The people of Asheville deserve to have street food, and young entrepreneurs deserve a chance to provide it. I don’t want to see local restaurants suffer, of course — and I don’t think they will. People that work downtown and aren’t exactly rich — like most of us here at Xpress — would like to have more options for the occasional quick, cheap lunch. Those that want to sit in an air conditioned or heated restaurant (my guess is that this covers the majority of diners) will continue to do so, whether the carts are there or not. Portland, like I said, has a large amount of food carts — and the local restaurants are doing just fine.

I’ll keep you posted as I learn more.

What do you think? Do you want more street food in Asheville? Or is it damaging to our local restaurants? Weigh in.


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27 thoughts on “Why is there so little street food in Asheville?

  1. Chris

    Go Mackensey! I’ve wondered the same thing after seeing what other cities such as Portland and Austin are doing in terms of food trucks. The food is amazing and affordable.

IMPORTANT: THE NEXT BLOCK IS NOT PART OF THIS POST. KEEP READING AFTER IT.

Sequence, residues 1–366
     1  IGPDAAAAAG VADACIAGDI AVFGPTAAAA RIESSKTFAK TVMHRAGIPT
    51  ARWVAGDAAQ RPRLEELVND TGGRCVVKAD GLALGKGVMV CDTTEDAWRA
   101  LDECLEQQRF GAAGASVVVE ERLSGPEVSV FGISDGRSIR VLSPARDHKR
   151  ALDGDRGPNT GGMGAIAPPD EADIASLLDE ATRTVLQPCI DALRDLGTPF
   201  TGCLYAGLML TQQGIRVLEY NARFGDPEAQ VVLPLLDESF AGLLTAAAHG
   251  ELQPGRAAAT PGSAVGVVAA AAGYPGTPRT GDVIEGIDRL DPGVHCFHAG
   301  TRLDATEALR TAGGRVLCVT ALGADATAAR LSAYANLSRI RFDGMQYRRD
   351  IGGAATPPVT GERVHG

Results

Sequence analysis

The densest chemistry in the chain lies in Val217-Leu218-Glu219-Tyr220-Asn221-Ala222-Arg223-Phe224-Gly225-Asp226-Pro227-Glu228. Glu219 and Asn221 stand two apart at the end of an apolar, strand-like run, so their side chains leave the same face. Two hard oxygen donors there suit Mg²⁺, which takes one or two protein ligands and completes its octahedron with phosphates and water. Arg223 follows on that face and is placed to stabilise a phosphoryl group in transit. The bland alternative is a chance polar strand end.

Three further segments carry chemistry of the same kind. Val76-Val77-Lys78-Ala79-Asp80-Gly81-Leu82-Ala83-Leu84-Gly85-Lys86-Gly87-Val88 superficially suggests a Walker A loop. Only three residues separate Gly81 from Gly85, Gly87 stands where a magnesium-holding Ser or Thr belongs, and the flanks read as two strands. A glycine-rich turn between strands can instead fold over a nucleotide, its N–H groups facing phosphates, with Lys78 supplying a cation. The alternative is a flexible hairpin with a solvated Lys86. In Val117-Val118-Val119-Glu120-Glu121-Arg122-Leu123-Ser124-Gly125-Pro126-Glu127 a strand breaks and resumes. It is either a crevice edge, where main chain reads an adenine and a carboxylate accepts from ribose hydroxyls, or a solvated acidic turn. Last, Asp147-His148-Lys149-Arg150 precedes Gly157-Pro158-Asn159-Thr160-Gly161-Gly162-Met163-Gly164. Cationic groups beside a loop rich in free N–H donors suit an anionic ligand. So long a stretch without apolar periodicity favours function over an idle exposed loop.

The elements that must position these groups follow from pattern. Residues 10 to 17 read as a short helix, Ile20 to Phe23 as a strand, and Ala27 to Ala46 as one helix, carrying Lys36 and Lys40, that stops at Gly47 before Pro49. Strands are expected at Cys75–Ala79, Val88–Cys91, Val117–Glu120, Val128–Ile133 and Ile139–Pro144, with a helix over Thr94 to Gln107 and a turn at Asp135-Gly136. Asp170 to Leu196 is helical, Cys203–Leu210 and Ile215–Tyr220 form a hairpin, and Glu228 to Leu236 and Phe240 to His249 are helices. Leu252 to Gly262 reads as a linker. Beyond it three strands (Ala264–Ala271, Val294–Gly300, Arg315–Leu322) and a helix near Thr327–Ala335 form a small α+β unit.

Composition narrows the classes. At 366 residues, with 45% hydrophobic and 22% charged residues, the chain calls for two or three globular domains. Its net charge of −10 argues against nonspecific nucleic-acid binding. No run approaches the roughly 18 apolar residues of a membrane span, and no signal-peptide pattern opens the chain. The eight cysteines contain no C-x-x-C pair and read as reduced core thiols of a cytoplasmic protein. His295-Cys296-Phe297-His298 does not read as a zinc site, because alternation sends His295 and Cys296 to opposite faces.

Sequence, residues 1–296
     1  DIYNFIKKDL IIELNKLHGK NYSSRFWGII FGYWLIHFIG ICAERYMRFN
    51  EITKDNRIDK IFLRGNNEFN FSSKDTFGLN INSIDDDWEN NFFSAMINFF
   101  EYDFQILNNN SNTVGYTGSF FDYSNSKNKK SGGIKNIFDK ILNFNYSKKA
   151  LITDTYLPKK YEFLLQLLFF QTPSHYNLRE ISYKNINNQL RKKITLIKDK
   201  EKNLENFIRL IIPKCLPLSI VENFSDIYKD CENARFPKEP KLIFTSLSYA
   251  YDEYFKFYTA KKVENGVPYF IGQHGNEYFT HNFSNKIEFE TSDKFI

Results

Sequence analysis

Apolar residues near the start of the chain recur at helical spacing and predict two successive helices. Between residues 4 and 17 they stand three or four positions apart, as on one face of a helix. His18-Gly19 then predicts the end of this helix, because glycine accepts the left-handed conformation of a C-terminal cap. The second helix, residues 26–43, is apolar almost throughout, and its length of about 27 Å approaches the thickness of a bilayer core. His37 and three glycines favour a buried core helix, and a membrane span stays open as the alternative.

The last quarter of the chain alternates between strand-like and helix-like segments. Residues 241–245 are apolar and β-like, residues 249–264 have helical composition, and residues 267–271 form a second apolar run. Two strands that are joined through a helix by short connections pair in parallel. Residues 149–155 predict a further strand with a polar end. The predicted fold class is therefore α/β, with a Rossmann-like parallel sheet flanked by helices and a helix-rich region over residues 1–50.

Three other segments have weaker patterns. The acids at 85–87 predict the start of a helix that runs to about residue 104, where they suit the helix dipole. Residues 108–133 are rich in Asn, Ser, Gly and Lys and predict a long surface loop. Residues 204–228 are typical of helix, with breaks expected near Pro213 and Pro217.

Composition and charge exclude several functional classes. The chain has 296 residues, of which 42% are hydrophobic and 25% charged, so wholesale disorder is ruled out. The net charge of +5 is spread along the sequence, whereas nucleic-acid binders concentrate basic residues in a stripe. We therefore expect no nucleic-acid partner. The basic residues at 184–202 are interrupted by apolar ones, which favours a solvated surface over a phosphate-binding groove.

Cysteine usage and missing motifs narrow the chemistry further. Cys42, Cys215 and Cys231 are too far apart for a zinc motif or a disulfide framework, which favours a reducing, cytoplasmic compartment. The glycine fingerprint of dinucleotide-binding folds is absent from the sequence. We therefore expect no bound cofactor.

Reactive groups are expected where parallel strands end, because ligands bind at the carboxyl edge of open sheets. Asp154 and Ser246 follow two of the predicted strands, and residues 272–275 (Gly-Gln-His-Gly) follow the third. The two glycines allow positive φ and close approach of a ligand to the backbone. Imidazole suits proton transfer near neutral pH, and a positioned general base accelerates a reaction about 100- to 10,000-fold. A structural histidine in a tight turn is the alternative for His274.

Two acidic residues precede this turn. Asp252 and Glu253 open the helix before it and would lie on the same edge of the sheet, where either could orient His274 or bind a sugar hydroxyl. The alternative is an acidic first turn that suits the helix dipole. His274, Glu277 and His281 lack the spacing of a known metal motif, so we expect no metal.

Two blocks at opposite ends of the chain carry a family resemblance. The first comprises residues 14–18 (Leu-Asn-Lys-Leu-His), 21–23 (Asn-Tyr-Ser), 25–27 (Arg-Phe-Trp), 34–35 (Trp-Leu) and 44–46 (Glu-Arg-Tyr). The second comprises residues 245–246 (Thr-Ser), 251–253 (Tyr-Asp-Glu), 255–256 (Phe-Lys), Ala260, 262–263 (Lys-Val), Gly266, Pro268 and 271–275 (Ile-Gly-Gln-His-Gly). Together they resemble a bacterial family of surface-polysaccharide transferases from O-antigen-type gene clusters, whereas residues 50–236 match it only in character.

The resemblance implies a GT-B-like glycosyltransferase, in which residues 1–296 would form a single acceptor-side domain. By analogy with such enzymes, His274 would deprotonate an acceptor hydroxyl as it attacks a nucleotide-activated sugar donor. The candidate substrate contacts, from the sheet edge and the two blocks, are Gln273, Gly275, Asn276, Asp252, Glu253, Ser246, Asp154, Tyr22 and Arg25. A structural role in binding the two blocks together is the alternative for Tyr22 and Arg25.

2. KPCommunications

    Mackensy – Regarding this point: [All cooking must be done off-site in a certified, inspected restaurant or professional kitchen and then transferred to the mobile site to be held for service.] ….I’m not an expert on the regulations, or whether they seem fair, but you and your readers should be aware that Blue Ridge Food Ventures has mobile food vendors that use the FDA-inspected commercial kitchen, which is located on the AB Tech Enka campus. BRFV is more than artisan food-makers such as UliMana chocolates and graduate Lusty Monk Mustard…it’s also bakers, caterers, a wintertime CSA (Winter Sun Farms), gourmet-to-go, and food carts! I’ll be happy to help you connect with Mary Lou Surgi to get details. ~ Kathi Petersen